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Hillwood
These Rattling Walls! Vibrating Cold Water Line?
Hillwood

I have purchased a 90 year-old house. It is large, has mostly plaster interior walls, has steam heat, and many of the original galvanized pipes remain.

Nearly constantly today, I have been hearing a vibration in the house. It is faint, but very distinct. It has been coming and going for two months now, however this has been the worst day of it so far.

Facts:

* I cannot get close enough to the sound; it always sounds distant. I can get to a point in the house where it almost cannot be heard, but I cannot find a point where it is loudest.

* When the sound is heard the cold water line vibrates. I can hold on to the line where it feeds into the hot water tanks and feel it vibrate. I feel the same vibration at the line coming out of the water meter - although it is not stronger at either point.

* The sound is not linked to any particular event occurring - not the flushing of a toilet, turning hot or cold water on or off, filling or not filling of an automatic ice maker, auto-filling the boiler, boiler on, boiler off - nothing is linked to the sound. I do not think this is a 'water hammer'.

* Sometimes the sound lasts a mere second; other times it lasts 8 to 10 seconds it seems.

* The best description of the sound is a very faint jack-hammer.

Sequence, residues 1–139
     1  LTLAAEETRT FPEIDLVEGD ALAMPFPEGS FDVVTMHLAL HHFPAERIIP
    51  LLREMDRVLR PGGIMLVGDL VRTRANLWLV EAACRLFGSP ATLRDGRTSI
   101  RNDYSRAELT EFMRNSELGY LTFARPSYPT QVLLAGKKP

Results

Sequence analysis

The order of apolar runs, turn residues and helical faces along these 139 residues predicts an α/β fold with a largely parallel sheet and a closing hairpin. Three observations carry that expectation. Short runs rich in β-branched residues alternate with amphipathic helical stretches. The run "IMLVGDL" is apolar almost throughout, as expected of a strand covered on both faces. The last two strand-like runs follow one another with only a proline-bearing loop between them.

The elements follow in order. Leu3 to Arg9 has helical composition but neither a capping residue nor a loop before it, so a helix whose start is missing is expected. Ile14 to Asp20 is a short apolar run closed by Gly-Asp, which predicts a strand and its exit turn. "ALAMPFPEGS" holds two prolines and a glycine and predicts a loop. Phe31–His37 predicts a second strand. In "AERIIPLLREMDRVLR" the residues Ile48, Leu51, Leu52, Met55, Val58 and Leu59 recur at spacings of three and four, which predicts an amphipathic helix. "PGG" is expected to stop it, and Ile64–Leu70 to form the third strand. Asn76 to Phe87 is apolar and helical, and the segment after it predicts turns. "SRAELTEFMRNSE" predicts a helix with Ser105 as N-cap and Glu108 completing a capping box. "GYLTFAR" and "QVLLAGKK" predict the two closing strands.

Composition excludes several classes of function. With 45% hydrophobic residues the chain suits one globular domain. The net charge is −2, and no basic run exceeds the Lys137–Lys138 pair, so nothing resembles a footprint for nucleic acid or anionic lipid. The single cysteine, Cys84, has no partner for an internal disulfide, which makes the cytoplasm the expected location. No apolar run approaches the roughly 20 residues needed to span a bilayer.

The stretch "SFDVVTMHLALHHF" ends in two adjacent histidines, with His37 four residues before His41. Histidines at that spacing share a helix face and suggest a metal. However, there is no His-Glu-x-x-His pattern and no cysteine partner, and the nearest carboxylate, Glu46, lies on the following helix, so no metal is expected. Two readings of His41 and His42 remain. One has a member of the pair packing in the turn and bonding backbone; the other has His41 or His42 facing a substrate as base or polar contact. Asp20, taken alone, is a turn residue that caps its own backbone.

* I have turned on every faucet, washing machine, dishwasher, etc and cannot expel air from any line.

* There are two Watts Expansion Tanks installed on the cold water line, just before the hot water tanks and just after a valve I have been told prevents water from flowing backwards. These tanks are pressurized at 50 psi, which I check often. Increasing the pressure in the tanks by 10 psi today has not resulted in any change. My city water source is also 50 psi.

* Oddly enough, the sound usually ceases around 6 pm, and I never hear it at night. I'm waiting to see what happens tonight, since it's been a nearly constant annoyance today.

* The first time I heard this sound followed two events: 1., it started to get cold outside, and 2., I had extensive work done by a plumber, who made a fair number of mistakes. One mistake he made was not soldering joints; another - forgot to turn back on our hot water circulation pump. He completely turned off the water supply to the house several times during the course of his work resulting in many trips through the house to turn on all the faucets and expel air from the lines.

I will be so grateful for any input!! I am desperate to find the source of this rumble. Many thanks.

dj1
Re: These Rattling Walls! Vibrating Cold Water Line?
dj1

I just read the first sentence, and I think it's time to re-pipe.

Some water sounds and vibrations may disappear with a properly installed new pipes. However, some sounds will always be there.

HoustonRemodeler
Re: These Rattling Walls! Vibrating Cold Water Line?
HoustonRemodeler

My guess; once the sun sets and the heater starts working harder overnight, the pipes stay expanded, then start shrinking when the next day warms.

If you have galvanized pipes close to or over 30 years old, start a replacement program today.

And get a new plumber.

Hillwood
Re: These Rattling Walls! Vibrating Cold Water Line?
Hillwood
dj1 wrote:

I just read the first sentence, and I think it's time to re-pipe.